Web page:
Turf Farm

Multimedia

Turf Farm

Photos and narration by Eygló Svala Arnarsdóttir.

Houses made from turf, with a wooden frame and/or a stone wall, were the primary type of house in Iceland between the 9th and the 19th century.

Their history is considered unique and they are the result of millennium-long development.

The turf farm is in fact a cluster of houses connected with tunnels. Usually each house belonging to the turf farm originated at different times.

Such farms had to be renovated quite often because they didn’t weather well, but there wasn’t enough timber for building more practical types of houses.

Turf farms have been preserved better in North Iceland than in South Iceland because of the cooler climate. One of the most famous Icelandic turf farms is Laufás in Eyjafjördur, Northeast Iceland.

Other famous turf farms include Glaumbær in Skagafjörður, Nýibaer in Hólar in Hjaltadalur, Hólar in Eyjafjörður, Grenjadarstaður in Aðaldalur and Þverá in Laxárdalur.

Laufás is an ancient manor farm, the earliest records of a church there dating from 1047. The present church was built in 1865, and was one of the most impressive of its time. It contains a pulpit with wood carvings from 1698.

The large turf farm house was built between 1866 and 1870, and is a typical example of a gable-end parsonage built for a priest with a large household of up to 30 people. Laufás required a large team of servants because the vastness of the land belonging to the farm was rich with natural resources.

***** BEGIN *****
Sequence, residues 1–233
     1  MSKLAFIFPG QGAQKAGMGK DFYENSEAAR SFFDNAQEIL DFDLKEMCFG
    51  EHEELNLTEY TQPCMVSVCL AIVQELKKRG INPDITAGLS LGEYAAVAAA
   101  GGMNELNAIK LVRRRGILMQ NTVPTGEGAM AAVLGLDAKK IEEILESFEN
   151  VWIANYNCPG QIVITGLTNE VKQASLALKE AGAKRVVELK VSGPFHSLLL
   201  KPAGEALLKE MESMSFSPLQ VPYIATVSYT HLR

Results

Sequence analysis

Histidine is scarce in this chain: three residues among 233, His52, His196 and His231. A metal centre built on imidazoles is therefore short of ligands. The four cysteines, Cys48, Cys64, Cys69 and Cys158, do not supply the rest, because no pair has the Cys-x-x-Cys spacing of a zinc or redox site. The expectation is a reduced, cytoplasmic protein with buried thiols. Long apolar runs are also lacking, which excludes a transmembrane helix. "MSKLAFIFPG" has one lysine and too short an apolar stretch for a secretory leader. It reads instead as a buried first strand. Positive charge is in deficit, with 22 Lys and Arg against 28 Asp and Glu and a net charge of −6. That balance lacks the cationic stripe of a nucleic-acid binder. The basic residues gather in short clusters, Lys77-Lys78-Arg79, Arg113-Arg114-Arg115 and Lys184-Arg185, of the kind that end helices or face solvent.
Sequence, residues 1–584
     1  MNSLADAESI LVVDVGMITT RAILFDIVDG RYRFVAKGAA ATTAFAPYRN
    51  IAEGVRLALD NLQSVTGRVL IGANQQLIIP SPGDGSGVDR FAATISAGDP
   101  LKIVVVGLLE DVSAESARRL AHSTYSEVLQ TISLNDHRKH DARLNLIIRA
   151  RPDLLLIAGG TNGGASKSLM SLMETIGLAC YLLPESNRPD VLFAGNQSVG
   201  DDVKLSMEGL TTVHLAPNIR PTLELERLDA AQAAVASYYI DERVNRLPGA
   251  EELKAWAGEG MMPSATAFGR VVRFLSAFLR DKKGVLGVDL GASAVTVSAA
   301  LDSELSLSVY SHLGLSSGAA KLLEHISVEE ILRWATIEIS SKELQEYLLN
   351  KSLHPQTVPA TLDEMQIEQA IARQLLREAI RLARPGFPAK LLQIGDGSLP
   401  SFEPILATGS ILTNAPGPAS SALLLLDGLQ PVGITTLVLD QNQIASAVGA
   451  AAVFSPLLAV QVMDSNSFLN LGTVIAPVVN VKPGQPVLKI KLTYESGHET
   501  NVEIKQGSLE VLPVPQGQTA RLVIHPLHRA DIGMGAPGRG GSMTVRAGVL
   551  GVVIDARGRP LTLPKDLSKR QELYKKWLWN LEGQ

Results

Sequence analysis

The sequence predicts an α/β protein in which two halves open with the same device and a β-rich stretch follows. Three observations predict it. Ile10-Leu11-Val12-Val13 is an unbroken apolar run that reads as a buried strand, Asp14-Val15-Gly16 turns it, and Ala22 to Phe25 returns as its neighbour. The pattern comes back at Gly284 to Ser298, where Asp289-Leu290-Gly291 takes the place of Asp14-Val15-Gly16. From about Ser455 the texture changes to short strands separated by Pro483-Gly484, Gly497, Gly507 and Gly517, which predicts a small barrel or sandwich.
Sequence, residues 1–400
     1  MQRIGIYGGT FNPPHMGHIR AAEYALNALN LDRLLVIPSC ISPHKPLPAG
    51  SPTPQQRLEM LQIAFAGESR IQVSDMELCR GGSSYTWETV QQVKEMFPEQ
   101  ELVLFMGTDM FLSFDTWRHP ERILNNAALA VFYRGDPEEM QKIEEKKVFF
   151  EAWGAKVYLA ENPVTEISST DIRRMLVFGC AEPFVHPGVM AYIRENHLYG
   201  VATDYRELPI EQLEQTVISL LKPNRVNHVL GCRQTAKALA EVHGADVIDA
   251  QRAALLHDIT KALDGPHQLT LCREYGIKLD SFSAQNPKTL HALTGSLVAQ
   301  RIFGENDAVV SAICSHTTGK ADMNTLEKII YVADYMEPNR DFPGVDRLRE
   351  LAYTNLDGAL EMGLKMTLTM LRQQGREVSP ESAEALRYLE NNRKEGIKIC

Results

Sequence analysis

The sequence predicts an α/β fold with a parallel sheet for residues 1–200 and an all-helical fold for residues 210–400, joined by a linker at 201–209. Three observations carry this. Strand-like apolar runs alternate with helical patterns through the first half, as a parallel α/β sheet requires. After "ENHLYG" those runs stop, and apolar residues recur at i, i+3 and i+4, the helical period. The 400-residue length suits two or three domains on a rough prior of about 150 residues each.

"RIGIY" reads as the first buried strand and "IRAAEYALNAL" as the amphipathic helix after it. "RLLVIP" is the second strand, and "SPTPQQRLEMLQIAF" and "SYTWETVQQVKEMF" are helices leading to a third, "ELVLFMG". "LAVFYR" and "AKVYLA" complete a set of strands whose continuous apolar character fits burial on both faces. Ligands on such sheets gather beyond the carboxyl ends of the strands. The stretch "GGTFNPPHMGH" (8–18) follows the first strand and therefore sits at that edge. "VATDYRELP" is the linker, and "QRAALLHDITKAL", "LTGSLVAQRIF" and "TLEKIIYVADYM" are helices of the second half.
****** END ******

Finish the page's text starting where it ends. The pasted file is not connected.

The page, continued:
The carved eider drake on one of the gables refers to the eider nesting area belonging to the property, which brought the owners considerable income.

Laufás was inhabited until 1936. Since 1948 it has been administered by the National Museum of Iceland as a museum.

It was saved from destruction with extensive repairs between 1957 and 1959 and since then it has been maintained the way it looked at the time of Rev. Björn Halldórsson, who served as priest and dean on Laufás between 1853 and 1882.

The furniture and the objects inside the turf farm today are typical of those found inside Icelandic farms at the turn of the 19th century.

In the service building belonging to the Laufás museum, there is a souvenir shop and a restaurant serving traditional Icelandic delicacies. The museum, shop and restaurant are open every day from May 13 to September 15 between 9 am and 6 pm.

ESA – eyglo@icelandreview.com

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